// Media completed
  // Video seek
  // Page unload
  function _ampEventHandler(eventDetails)
  {
    var eventName = eventDetails.type;
    var pauseTime = eventDetails.presentationTimeInSec;
    var title = "Hello Azure Media Service ! ";
    var ExtraData = "None";
    var dateTime = new Date().toUTCString();
    var data = {
      'MediaRef': 9999,
      'EventTime': pauseTime,
      'MediaTitle': title,
      'TimeStamp': dateTime,
      'ExtraData' : ExtraData
    }
  $(function () {
  $.ajax({
    type: "POST",
    data: JSON.stringify(data),
    url: "http://demowebapi.azurewebsites.net/api/MediaAnalytics",
    contentType: "application/json"
  });
  });
  }

Figure 4 shows the simplest form of attributes that can be collected from the Azure Media Player for reference. Your solution media player can attach many more event handlers and capture richer metrics (see bit.ly/1VA5osy). Although the code references a smooth streaming format, you can detect the platform features and quickly prepare the media URL for the relevant format of the content.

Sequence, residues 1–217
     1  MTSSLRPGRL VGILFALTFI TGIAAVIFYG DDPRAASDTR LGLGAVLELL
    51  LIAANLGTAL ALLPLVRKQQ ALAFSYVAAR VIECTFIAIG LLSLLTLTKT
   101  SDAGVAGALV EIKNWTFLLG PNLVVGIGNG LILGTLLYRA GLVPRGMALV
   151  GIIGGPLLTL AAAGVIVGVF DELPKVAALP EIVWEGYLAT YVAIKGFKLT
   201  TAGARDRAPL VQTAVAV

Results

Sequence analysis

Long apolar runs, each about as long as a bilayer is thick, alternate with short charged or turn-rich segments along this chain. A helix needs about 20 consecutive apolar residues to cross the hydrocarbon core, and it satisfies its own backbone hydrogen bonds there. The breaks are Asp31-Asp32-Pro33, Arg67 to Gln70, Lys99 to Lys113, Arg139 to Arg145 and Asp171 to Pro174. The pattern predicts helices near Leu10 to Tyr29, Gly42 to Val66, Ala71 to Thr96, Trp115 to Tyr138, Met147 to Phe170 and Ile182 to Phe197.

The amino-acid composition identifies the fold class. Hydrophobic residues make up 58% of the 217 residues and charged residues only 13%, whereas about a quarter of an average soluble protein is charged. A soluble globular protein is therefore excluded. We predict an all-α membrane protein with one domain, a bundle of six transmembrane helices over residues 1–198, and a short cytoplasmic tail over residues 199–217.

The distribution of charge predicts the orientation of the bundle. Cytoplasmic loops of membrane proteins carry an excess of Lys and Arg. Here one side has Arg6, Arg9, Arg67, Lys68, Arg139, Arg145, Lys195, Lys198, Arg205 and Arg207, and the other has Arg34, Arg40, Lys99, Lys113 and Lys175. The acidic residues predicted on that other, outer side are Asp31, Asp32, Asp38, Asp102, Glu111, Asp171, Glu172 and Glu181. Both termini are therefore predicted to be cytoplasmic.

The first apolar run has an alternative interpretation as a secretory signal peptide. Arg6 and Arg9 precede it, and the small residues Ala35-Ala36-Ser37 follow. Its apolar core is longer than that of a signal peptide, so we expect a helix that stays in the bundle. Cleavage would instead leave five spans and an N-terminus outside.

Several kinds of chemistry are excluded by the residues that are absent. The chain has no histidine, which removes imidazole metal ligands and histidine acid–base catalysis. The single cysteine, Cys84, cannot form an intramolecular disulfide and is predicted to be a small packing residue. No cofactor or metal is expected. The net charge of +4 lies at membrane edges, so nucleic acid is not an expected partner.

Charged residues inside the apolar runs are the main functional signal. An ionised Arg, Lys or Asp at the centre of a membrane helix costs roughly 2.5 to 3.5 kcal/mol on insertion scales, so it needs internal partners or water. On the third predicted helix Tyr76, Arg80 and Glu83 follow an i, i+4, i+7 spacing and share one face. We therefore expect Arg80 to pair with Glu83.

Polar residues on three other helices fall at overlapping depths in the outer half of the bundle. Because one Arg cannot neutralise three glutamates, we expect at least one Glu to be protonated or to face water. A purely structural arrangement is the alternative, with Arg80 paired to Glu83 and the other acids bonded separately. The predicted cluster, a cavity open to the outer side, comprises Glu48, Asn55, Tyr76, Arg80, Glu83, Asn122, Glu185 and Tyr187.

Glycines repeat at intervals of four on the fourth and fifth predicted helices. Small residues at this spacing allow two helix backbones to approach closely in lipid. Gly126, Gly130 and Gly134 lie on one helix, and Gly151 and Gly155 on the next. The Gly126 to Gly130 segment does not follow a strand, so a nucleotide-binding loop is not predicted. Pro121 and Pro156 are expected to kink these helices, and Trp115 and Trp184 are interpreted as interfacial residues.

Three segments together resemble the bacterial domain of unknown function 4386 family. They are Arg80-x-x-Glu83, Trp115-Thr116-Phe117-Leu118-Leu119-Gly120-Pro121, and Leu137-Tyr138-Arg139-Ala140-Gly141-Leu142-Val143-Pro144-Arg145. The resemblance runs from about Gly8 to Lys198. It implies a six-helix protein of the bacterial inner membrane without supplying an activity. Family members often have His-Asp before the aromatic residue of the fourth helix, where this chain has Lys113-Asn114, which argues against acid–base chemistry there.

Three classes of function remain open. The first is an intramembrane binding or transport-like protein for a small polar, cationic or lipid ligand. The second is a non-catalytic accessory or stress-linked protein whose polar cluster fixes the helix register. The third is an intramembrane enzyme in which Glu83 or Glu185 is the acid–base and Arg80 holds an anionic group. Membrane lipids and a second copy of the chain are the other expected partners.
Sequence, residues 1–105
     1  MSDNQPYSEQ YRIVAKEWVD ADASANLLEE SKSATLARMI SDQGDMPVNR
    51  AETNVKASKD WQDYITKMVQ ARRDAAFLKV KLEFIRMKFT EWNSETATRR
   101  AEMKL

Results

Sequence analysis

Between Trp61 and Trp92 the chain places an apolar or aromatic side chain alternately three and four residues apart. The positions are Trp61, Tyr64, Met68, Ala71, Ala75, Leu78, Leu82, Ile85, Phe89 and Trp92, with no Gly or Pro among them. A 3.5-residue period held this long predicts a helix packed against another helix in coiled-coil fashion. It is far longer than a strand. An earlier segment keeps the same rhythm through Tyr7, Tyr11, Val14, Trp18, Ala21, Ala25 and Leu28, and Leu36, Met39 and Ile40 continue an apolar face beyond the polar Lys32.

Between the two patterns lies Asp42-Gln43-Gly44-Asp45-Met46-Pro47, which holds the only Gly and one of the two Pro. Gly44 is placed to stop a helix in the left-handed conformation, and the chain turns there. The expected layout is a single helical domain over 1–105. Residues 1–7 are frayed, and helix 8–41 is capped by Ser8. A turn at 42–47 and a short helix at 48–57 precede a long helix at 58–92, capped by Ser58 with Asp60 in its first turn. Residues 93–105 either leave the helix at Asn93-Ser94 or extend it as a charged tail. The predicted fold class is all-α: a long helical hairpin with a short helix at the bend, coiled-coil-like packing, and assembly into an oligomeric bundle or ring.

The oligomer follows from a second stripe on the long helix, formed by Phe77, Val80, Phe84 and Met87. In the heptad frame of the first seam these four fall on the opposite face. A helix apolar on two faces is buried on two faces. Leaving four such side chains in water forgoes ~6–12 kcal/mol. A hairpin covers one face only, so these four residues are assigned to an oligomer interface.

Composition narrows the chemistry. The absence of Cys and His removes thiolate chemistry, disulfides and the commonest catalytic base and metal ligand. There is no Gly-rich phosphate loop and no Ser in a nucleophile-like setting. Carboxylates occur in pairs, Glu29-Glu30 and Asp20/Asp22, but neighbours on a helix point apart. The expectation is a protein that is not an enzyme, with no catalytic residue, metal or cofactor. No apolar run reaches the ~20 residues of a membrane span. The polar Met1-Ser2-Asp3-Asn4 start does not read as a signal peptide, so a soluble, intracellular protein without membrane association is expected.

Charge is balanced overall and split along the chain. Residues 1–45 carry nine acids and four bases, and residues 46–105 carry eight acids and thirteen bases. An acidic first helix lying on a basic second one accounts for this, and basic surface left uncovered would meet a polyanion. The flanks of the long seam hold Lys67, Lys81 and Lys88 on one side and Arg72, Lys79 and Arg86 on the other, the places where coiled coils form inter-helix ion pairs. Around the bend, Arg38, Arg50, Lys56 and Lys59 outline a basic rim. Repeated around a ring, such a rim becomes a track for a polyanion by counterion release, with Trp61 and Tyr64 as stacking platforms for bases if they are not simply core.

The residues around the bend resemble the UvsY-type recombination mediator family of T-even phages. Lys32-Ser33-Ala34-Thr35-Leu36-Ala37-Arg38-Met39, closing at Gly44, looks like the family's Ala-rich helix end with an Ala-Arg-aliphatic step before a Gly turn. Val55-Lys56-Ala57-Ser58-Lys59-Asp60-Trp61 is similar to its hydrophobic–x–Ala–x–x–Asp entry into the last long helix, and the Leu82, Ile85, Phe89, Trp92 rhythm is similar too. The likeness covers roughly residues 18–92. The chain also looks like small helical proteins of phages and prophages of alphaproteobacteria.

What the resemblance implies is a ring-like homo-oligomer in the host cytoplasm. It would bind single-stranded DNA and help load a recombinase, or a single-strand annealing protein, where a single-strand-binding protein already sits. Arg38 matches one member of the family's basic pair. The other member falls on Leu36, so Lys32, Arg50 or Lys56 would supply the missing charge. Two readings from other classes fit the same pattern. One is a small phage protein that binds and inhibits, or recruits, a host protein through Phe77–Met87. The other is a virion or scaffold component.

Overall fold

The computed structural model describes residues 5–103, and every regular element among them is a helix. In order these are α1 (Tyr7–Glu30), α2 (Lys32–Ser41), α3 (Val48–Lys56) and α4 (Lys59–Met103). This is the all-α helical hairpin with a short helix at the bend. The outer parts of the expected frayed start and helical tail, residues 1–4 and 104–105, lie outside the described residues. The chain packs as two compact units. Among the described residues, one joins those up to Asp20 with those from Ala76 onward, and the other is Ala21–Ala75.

In this example, a handler is attached to the “paused” event of the Azure Media Player, which calls a back-end Web API through an AJAX call (JQuery) to avoid any blocking interference with the video playback. Hence, whenever the user pauses the video, the back-end call is made to push the data asynchronously to the analytics database, without any response being passed back to the HTML page.

Because JavaScript isn’t a strongly typed language, you can create and append dynamic properties to the object and set its values. The “data” object in this example represents the instance of the attributes captured from Azure Media Player and sent as a JSON string to the back end of one of the widely used formats for Web API communications.

The JSON string looks like this: